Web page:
Yes, there are always questions. No, there will be no blitz playoffs to settle ties. All tiebreaks will be done via individual results or a standard USCF tiebreak system. No, you may not play other games at your board after your tournament game is over. We have a skittles room for that. No, there is no such thing as a 12 move rule (Kids universally seem to think that there is some rule that you have to checkmate a lone King in 12 moves or less. I take this opportunity to briefly explain what the 50-move rule is, and why it can only be applied if there is an accurate scoresheet).
Shake hands and start your clocks.
And then there are the conflicts and dilemmas. I stand by quietly and watch two 6 year olds slug it out. The kid with the white pieces is ripping black to shreds. The queen comes off, then both Rooks. Finally black is left with just his King and a few pawns while white has nearly his entire army. Then the chase begins. Round and round the black King runs, chased by seemingly random checks. White's army is undeveloped and uncoordinated and it is clear that he doesn't have a clue how to proceed. Oops, he just hung a Rook, but that's OK, he's still got plenty of material left. I charge a lieutenant to watch for stalemates and I wander off to attend to other things. Later I learn that the game was declared a draw when it reached lone King vs. King. And yet both kids seemed perfectly happy with the result. Ah, to be young and innocent.
On another (thankfully unrated) board, a hand goes up and I respond to a young man of about 10. He and his opponent, a girl of 9, have just discovered that her King is in check, and neither of them knows for how long. This is what scholastic directors laughingly call "discovered check." It's his move and he wants to know if he can just capture and win. As a group of parents gather, I quietly try to determine the past few moves (they're not scoring the game). When reconstructing the previous moves prove impossible, I order them to reset the pieces and start over. Thankfully material is even and neither player shows a clear advantage.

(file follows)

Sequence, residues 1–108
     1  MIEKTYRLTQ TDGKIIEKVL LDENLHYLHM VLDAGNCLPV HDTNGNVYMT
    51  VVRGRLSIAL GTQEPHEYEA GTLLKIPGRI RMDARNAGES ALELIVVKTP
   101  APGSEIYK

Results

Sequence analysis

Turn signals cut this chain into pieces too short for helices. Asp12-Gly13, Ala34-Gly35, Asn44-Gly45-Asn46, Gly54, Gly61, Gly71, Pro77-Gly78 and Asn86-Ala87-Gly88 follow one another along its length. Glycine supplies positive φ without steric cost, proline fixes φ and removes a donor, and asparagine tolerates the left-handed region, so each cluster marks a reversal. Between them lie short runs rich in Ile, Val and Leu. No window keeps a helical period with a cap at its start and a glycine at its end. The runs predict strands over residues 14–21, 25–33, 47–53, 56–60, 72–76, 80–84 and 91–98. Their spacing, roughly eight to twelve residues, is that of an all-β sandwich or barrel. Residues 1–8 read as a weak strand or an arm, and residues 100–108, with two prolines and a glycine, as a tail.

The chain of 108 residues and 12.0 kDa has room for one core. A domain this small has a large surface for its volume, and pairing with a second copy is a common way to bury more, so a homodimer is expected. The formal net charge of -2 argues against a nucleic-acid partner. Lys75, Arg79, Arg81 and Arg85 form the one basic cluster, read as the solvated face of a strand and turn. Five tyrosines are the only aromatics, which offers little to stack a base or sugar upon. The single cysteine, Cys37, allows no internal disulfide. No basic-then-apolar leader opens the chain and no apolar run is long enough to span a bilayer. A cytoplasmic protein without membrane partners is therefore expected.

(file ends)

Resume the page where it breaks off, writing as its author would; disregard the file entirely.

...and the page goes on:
One of the more heart-rending scenes occurred in a tournament last year shortly after the end of round 2. A 7-year old named Justin approached me and said that his opponent had recorded the result of their game on the pairings chart as a draw when in fact it was a win for him. I asked him to explain and he said that he had checkmated his opponent, but the opponent went and recorded a draw on the wall. I quickly gathered both boys up to the director's table to get both sides. Hovering around the periphery was the father of the first boy. Justin's opponent articulately explained to me that it was not in fact checkmate on the board, but stalemate. Asked by me to explain, he said that his King was trapped - but not in check - and could not move, but there were no other legal moves he could make, thus stalemate.
Satisfied that he seemed to understand what he was talking about, I turned to Justin and asked how he was sure it was checkmate. With tears now welling in his eyes, Justin explained that the other boy's King *was* in check, checkmated by Justin's Rook and Queen. I explained to both boys that since their board had been reset and I had no chance to examine the position, I had no choice but to leave the game as it had been recorded - a draw.